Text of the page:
The Daily Dish
November 8, 2019
Update on Productivity Growth
Eakinomics: Update on Productivity Growth
Wednesday the Bureau of Labor Statistics (BLS) released some bad news: “Nonfarm business sector labor productivity decreased 0.3 percent in the third quarter of 2019…as output increased 2.1 percent and hours worked increased 2.4 percent.”
Productivity growth is perhaps the most important indicator of economic conditions. As labor productivity grows, firms can pay their workers more and cover the costs without raising prices. In the near term, this dynamic is the definition of non-inflationary growth and greater international competitiveness. Over the longer term, this situation means rising real wages that feed a higher standard of living. There is (or at least should be) no constituency that opposes rapid, sustained productivity growth.
The recent performance of labor productivity growth is shown below for all private business, non-farm business, and manufacturing. Three features stand out. First, across all sectors the average growth was noticeably higher (on average) before the Great Recession than since the recovery began. Second is the reminder that productivity is pro-cyclical – hence the sharp decline during the recession and spurt of productivity at the start of the recovery.
The third is the divergence between the performance of manufacturing versus the rest of business after 2016. Productivity growth averaged below 1 percent annually for years leading up to 2017. One of the bright spots in the Trump Administration’s record was a recovery in productivity growth to a nearly 1.5 percent annual rate. But this trend has not held for manufacturing productivity, which averages under 1.0 percent and has been declining in 2019.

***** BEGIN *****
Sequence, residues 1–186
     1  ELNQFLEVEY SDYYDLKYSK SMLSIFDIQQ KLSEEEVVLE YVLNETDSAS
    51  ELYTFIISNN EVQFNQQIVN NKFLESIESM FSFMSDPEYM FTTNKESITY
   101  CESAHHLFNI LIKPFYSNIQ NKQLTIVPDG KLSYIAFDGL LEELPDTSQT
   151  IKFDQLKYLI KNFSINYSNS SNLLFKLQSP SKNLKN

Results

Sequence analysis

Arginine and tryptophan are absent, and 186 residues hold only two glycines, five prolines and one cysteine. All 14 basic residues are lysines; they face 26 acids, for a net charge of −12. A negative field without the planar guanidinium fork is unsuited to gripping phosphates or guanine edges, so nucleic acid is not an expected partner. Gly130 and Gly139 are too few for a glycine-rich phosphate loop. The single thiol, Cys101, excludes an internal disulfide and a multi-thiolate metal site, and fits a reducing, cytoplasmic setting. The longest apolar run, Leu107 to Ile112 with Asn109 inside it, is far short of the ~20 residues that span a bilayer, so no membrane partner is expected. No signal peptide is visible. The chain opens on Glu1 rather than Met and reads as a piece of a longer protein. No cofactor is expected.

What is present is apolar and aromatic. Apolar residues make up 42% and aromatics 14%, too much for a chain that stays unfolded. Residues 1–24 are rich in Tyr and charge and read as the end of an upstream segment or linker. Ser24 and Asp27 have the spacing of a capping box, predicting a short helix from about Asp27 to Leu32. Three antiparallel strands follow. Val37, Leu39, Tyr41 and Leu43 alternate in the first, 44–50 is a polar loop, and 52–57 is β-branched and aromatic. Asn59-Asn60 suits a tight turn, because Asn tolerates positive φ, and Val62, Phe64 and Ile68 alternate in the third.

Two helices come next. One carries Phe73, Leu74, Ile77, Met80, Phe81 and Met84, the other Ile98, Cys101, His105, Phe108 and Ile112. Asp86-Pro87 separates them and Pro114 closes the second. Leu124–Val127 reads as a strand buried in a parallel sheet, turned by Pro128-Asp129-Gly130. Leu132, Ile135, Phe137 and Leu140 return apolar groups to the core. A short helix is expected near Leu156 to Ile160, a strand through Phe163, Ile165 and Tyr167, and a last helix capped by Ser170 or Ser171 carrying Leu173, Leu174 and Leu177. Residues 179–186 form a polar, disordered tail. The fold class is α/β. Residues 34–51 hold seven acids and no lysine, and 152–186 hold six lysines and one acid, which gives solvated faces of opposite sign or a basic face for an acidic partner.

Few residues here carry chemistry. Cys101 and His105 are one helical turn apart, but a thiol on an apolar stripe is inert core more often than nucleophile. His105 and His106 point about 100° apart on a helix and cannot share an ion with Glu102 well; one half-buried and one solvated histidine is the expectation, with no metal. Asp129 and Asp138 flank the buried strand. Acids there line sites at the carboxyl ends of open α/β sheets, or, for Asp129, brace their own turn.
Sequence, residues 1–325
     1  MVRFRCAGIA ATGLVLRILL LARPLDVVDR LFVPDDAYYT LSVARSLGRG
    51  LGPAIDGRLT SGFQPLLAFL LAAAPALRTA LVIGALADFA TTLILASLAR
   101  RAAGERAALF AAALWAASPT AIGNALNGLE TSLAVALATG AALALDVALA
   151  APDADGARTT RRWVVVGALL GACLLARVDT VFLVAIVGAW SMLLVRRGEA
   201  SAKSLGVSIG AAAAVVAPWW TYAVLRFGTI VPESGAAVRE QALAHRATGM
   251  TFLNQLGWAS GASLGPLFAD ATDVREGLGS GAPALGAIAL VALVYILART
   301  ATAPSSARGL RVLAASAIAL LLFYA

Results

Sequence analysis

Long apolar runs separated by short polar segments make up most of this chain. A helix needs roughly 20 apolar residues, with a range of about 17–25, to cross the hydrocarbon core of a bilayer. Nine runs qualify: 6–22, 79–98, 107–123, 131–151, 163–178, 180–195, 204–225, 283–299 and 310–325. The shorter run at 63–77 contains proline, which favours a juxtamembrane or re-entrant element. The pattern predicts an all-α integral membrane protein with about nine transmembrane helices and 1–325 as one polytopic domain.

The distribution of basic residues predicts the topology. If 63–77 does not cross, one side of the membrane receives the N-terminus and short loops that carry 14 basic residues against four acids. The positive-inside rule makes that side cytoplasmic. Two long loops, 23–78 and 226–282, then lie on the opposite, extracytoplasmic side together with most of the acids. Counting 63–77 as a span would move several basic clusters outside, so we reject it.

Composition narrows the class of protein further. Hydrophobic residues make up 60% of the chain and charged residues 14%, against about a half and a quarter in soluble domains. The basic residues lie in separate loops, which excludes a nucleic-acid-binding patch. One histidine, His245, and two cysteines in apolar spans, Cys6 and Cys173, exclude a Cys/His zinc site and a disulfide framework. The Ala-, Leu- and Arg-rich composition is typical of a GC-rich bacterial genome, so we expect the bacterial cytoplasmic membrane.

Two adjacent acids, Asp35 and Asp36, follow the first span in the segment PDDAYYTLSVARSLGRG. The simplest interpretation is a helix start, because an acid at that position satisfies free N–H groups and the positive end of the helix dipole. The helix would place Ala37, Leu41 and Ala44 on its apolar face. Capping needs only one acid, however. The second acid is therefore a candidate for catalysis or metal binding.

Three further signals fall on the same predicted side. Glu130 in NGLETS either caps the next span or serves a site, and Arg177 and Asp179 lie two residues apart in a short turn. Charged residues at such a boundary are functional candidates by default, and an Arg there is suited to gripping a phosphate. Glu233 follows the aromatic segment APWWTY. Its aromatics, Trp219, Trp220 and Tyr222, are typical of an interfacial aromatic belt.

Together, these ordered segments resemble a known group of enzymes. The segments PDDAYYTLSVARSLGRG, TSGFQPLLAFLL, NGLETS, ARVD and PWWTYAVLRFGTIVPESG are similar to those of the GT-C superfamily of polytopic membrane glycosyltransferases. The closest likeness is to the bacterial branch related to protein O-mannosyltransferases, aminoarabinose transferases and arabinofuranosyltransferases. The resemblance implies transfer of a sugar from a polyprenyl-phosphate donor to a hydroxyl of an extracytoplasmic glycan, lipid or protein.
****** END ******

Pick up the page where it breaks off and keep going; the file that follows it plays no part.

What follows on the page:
What is going on? After all, the president’s rhetoric focuses on manufacturing and his tax, regulatory, and trade policies are seemingly driven by manufacturing considerations. Mechanically, there are two possibilities. It could be the case that weak investment has produced slow growth in capital per worker, leading to slow labor productivity growth. Or, it could be that workers are getting more capital but continue to operate with the same quality of capital as in the past, using the same methods as the past, and existing in the same business models as the past. That latter notion of productivity – advances in output that are not driven by the sheer quantity of inputs – is known as multi-factor productivity.
The BLS also releases data on multi-factor productivity, but only with a lag and on an annual basis. It is shown below. The manufacturing data are available only through 2017, but they show a clear deficit in productivity growth while the broader business sector shows a rise in productivity growth in and after 2016.
Productivity growth, and especially the ability of American entrepreneurs and innovators to drive faster rates of multi-factor productivity growth, bears continued scrutiny.
Fact of the Day
Since January 1, the federal government has published $19.3 billion in total net costs and 48.1 million hours of net annual paperwork burden increases.